|Publication number||US4151058 A|
|Application number||US 05/912,533|
|Publication date||Apr 24, 1979|
|Filing date||Jun 5, 1978|
|Priority date||Jun 6, 1977|
|Also published as||CA1097433A1, DE2824564A1, DE2824564C2|
|Publication number||05912533, 912533, US 4151058 A, US 4151058A, US-A-4151058, US4151058 A, US4151058A|
|Inventors||Daniel Kaplan, Gonzalo Velasco|
|Export Citation||BiBTeX, EndNote, RefMan|
|Patent Citations (3), Non-Patent Citations (2), Referenced by (52), Classifications (34)|
|External Links: USPTO, USPTO Assignment, Espacenet|
To construct semiconductor electronic devices on large surface areas, for example 100 cm2, the techniques employing monocrystalline materials are inapplicable. It is known that amorphous silicon is a material which may be deposited in a layer over a large surface area and permits the production of devices such as solar batteries. It has over polycrystalline silicon deposited in a layer the advantage among others of not having grain joints which are known to deteriorate the characteristics of the devices.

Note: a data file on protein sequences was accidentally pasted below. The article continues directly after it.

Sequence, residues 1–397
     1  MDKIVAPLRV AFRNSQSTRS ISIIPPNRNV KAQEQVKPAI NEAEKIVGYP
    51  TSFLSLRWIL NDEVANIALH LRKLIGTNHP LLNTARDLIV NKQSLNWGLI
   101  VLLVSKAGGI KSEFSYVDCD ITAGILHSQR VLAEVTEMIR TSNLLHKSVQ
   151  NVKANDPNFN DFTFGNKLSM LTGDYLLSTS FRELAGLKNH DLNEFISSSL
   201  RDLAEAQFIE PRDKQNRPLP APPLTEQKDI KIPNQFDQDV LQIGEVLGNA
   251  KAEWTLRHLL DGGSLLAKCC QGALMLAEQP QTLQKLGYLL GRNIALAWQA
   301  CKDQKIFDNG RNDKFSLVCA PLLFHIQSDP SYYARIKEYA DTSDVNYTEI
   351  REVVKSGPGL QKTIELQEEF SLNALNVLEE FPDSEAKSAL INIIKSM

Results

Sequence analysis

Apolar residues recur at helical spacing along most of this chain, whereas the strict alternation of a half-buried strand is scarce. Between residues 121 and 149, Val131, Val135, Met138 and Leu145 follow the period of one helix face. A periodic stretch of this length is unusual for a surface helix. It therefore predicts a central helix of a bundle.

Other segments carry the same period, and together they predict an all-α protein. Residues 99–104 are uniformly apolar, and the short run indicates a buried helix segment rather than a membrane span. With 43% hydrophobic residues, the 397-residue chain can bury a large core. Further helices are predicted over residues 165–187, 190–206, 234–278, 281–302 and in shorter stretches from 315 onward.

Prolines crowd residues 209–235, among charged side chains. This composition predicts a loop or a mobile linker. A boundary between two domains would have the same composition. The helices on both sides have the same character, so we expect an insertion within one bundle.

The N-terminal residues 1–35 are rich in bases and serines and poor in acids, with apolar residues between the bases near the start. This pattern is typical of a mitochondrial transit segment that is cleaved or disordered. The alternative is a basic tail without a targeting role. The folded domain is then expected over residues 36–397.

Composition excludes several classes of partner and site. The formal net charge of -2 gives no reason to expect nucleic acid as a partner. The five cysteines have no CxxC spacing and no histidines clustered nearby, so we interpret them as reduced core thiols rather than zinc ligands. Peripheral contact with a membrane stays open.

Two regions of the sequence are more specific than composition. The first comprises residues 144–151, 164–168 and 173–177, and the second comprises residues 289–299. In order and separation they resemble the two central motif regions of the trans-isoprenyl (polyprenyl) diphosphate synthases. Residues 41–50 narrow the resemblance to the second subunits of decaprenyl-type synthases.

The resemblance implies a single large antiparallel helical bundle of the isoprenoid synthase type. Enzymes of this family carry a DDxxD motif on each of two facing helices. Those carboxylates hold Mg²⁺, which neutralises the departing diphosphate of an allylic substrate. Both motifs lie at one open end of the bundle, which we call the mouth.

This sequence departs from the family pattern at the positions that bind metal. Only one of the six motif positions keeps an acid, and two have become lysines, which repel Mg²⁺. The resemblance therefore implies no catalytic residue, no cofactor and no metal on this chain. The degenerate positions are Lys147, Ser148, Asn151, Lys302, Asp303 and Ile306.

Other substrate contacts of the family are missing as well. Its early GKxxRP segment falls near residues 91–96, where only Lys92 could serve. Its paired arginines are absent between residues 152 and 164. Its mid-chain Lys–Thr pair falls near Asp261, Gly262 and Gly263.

In order that amorphous silicon be utilizable for devices certain conditions must be satisfied. In particular, the techniques of deposition in a vacuum such as spraying and evaporation generally result in a material having many broken chemical bonds (1019 to 1020 per cm3). These bonds introduce a parasitic electric conductivity and prevent the modification, by doping or field effect, of the position of the position of the Fermi level which is a prime requirement for the operation of most of the devices.
Two techniques have been proposed for obtaining amorphous silicon devoid of broken bonds.